One of the greatest challenges facing conservation is how fragmented and siloed its greatest champions can be – both from each other and from the funds needed to translate ideas into action. Conservation Lab believes in travel as a for-profit conservation model, but in order for this to be more successful and effective than other models such as hunting or trade, stronger links need to be constructed between the worlds of travel and conservation.
Consequently, the Conservation Lab was conceived to bring together committed conservationists and travel industry leaders passionate about supporting sustainability, with the ambition of building bridges, uncovering insights and collectively brainstorming solutions to Africa’s conservation challenges. Ralf Buckley, international chair in ecotourism research at Griffith University in Australia, presented the below information on a Spark Talk at Conservation Lab 2016:
When it comes to showing that tourism does indeed contribute to conservation on a global scale, there are three things that should be measured.
1. What proportions of national parks’ agency budgets are from tourism funding
The below graphic shows park’s agency budgets funded by tourism per country. At the top end of the scale is Botswana and the Seychelles, with more than 80%, while Australia and the USA fall on the bottom right will billions contributed by the government, and not much from tourism.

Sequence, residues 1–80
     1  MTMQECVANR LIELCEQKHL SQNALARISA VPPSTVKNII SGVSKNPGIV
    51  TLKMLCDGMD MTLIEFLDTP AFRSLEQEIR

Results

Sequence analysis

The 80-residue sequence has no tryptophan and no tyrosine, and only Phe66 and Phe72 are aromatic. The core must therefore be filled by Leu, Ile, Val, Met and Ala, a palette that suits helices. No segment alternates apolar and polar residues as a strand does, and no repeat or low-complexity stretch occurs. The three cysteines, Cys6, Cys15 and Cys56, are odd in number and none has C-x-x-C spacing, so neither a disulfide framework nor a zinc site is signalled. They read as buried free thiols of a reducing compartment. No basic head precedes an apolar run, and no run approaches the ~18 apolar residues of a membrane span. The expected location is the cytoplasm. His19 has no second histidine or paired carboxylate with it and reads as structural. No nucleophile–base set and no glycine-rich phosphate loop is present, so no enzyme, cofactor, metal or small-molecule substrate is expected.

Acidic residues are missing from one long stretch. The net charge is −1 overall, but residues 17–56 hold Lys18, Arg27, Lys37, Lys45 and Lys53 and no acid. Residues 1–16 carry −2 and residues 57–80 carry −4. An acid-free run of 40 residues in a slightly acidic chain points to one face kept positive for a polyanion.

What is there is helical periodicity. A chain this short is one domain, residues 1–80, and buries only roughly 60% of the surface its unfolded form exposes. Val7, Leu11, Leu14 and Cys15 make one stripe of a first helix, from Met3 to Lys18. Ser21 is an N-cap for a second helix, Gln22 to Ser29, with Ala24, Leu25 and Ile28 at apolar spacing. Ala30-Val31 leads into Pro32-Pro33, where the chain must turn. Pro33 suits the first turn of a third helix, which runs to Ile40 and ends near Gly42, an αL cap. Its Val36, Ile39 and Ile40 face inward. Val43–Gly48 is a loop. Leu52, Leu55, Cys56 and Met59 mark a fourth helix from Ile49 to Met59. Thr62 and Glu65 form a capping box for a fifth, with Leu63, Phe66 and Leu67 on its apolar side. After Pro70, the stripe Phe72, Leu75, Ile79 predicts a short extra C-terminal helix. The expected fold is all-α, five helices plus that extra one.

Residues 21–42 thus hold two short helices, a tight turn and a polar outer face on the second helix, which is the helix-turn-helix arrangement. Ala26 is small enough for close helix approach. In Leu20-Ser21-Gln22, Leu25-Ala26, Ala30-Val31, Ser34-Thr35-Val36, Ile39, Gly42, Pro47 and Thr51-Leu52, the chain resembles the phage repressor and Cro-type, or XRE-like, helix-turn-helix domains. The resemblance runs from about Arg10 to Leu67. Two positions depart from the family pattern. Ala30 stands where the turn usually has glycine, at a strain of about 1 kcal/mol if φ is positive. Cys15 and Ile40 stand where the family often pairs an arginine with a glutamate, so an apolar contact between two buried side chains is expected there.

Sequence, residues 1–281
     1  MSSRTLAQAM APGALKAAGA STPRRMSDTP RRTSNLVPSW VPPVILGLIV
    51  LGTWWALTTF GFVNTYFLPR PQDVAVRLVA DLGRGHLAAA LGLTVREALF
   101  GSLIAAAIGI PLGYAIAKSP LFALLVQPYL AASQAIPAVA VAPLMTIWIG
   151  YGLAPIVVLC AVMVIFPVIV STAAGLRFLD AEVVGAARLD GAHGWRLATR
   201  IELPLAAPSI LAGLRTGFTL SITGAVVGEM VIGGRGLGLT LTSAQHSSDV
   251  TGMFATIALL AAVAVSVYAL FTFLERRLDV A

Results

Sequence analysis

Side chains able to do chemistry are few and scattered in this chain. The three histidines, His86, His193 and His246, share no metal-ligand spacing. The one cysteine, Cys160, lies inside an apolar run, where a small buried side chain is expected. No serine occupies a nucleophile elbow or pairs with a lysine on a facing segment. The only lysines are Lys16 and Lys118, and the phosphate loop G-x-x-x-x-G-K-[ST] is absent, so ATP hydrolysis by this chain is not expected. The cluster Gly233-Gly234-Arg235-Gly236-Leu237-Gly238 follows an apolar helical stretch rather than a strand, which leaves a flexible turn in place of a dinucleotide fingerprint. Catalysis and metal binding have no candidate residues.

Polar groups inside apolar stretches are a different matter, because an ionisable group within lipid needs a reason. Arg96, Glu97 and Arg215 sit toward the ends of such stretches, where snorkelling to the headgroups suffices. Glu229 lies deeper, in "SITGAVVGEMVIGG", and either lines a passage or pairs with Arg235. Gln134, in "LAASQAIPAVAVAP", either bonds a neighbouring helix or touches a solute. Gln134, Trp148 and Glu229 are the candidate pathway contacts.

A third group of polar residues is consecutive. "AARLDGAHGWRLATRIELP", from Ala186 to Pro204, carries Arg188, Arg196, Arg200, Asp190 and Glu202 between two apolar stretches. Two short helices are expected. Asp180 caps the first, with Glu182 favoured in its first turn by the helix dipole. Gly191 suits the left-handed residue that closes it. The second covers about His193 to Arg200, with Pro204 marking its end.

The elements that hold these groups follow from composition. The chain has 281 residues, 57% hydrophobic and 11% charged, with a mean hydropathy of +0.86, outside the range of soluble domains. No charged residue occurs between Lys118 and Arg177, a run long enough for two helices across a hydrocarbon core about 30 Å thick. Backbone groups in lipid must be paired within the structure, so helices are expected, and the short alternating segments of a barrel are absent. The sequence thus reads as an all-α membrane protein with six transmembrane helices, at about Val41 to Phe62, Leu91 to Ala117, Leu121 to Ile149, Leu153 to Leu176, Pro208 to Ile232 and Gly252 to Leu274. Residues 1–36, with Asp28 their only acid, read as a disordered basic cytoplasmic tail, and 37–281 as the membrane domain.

2. What proportions of remaining individuals of rare species rely on tourism funding
The below graphic shows the proportions of remaining populations of red listed IUCN mammals, funded by tourism. Rhino, elephant, lion and many iconic species are seen to rely heavily on tourism funding.
Ecotourism helps these populations beyond funding with the expansion of protected habitat areas, through a change in local behaviours via incentives, through the need for direct on-ground anti-poaching activities and through marketing opportunities.
3. What’s the net effect of ecotourism on survival chances of rare species
Tourism can make a big difference to particular species that risk extinction. Some species, such as orangutans, could possibly face extinction without tourism, because of other activities that would take precedence, such as logging. The cheetah, in multiple populations in sub-Saharan Africa, is protected thanks to the need for tourism.
So in short, tourism is working as an effective conservation tool. The science is on the side of tourism to contribute to conservation and should be supported as such. View Ralf Buckley’s talk in the below video:
As part of an ongoing commitment to aligning the worlds of travel and conservation, and pushing forward joint conservation efforts, Beyond Luxury Media has launched the second Conservation Lab, taking place from 29 April – 1 May 2017. Apply now to book your spot.